Dun Laoghaire Harbour"
a very early age Dun Laoghaire Harbour has always held a strong
fascination for me.
the age of five when from the back of my father’s car I loved nothing
more than to see one of the mailboats at rest on the east side of the
Carlisle Pier, through the years until the day when I brought my own
children to the harbour to view the operations of high speed craft, the
harbour has been my very own place of tranquillity.
More recently, in September 2003, I revisited the port from my
home in Australia and, despite the addition of the new marina, it was
almost as if I’d never left!
my school years Dun Laoghaire Harbour was my playground.
Friendly Harbour Constables and Sealink staff nurtured within me
a deep interest in the port’s link with Holyhead, served by countless
British Rail, Sealink and later Stena Line ferries. How privileged I was
to be permitted to view the ferry operations at such close quarters!
interest developed to the point where I embarked on a career in the
ferry industry, firstly and briefly at sea before moving to port
operations at both Dun Laoghaire and Dublin, and then moving to
Australia as Public Relations Officer with Incat, builders of the Stena
Sea Lynx, built for the Holyhead run in 1993.
was first introduced to my favourite vantagepoint, the end of the
Carlisle Pier, in 1980 at the age of ten.
From here I was permitted to view the departure of the route’s
penultimate steam turbine ferry, the Avalon.
I was hooked!
this vantagepoint I have since recorded on camera every ferry to have
served on the route. And
through the years and the various ships I have made lasting friendships
with the many Captains, officers and crew members who maintained the
crossing day in day out on a year round basis.
I loved to stand on the end of the Carlisle Pier during the late 1980s
and early 1990s, now with a basic understanding of the artform that is
ship handling, and watch as the master brought his command gently into
the berth. Of course, during the winter months it could be very
different! With an easterly
gale and low water the master’s every skill was tested as he brought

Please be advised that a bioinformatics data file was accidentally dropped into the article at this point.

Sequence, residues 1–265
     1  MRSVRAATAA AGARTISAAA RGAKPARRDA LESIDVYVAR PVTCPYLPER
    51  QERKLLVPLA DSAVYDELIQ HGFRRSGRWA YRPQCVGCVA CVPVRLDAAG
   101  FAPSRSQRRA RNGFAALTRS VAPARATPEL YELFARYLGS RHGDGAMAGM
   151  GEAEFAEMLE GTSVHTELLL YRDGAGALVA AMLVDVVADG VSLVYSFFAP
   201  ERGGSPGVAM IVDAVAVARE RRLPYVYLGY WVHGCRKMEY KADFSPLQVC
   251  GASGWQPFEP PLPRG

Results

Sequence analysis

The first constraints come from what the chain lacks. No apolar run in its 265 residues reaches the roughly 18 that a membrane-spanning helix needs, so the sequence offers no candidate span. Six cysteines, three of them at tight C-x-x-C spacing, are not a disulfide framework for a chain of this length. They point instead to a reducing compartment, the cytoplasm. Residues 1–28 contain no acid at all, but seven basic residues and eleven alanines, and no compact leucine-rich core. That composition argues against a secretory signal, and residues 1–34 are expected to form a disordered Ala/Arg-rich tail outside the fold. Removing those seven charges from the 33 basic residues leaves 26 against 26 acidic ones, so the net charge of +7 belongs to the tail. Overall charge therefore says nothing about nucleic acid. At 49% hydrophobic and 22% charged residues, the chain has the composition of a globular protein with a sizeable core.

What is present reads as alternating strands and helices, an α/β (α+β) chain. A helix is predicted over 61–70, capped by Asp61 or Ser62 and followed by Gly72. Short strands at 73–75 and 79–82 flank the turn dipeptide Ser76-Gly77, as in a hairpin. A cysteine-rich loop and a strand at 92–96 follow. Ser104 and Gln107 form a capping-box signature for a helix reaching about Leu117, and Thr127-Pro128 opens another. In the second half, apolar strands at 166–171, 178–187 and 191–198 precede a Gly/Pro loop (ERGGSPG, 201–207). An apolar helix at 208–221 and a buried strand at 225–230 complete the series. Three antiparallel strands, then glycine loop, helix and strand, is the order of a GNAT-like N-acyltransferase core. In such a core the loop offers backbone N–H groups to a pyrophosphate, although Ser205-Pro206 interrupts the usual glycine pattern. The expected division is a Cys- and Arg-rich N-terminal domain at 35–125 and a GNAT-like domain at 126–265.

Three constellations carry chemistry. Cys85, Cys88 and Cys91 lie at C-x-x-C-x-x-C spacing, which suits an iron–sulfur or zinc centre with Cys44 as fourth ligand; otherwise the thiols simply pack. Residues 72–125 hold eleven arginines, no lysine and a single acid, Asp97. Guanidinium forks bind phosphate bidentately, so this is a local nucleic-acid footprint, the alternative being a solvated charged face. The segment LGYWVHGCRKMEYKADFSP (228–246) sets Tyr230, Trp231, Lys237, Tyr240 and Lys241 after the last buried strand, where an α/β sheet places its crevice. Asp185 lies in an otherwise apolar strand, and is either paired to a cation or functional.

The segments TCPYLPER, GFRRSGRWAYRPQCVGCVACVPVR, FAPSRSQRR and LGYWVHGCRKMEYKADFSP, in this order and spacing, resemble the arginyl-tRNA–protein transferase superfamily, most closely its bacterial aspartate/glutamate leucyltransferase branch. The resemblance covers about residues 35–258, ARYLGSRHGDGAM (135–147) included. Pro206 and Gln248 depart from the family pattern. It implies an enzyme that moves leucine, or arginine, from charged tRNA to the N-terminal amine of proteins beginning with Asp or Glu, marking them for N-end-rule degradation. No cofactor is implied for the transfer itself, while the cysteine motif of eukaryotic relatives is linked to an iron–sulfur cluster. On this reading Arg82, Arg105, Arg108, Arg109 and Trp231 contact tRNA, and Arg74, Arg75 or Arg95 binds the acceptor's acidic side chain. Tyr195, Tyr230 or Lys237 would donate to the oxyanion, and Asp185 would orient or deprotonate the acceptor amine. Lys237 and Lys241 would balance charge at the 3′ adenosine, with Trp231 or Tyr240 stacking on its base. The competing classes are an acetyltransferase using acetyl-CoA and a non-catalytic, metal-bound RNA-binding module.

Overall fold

the St Columba alongside,
fighting the wind and keeping in mind propeller cavitation with reduced
water under his keel.
departure of the ship was always an exciting time.
The pier was a hive of activity, especially in the last 20
minutes or so before sailing. What a scene it was.
last passengers hurrying for the gangway, as tugmasters swiftly place
the last pieces of unaccompanied freight on the vehicle deck.
The Piermaster rushes across the causeway from the car ferry
compound with the “papers” signifying all is on board and accounted
for. Outside the pier gates
wellwishers wait as their loved ones wave from the ship’s exterior
decks and the gangways and car ramp are taken away.
cry of “single-up” from the bridge wing and the first wires and
ropes are released as a plume of black smoke erupts from the ship’s
funnel. Now held by one
rope fore and aft, the ship straining to get to sea, the master and
chief officer appear on the bridge wing, radar scanner swishing above
their heads. “Let Go –
Right Time” and before the rope hits the ship’s side the bow thrust
and twin screws are already lifting the huge ship away from the granite
pier. Moving astern off the
berth the ship turns her bow for the harbour mouth and disappears out
into Dublin Bay, a course of 100 degrees taking her down to the South
Burford Buoy once again.
the pier an eerie silence always descended.
For me it was always a strange experience, the pier, quiet now,
when only 30 minutes previously so many people, maybe up to 2000 or even
more, had passed through its gates.
the Carlisle Pier is quiet once again.
But not for long it would seem and I am greatly encouraged to see
that regeneration plans are proceeding well.
It is my hope that the pier will be redeveloped with a strong
understanding of its role since 1857 and will continue to remain a focal
point in “My Harbour”.
in Hobart, in the Australian Island State of Tasmania, I look back with
fondness on my days in and around Dun Laoghaire Harbour.
Without hesitation I can safely say the harbour, and the people
in it, shaped my life. Indeed my first job was in the port when during
school holidays I worked as a boatman in the Royal Irish Yacht Club,
ferrying members to their yachts moored in the harbour.
Perhaps if the Incat-built Stena
Sea Lynx had been deployed to any other Stena Line route in 1993
then I might not be living in the Antipodes!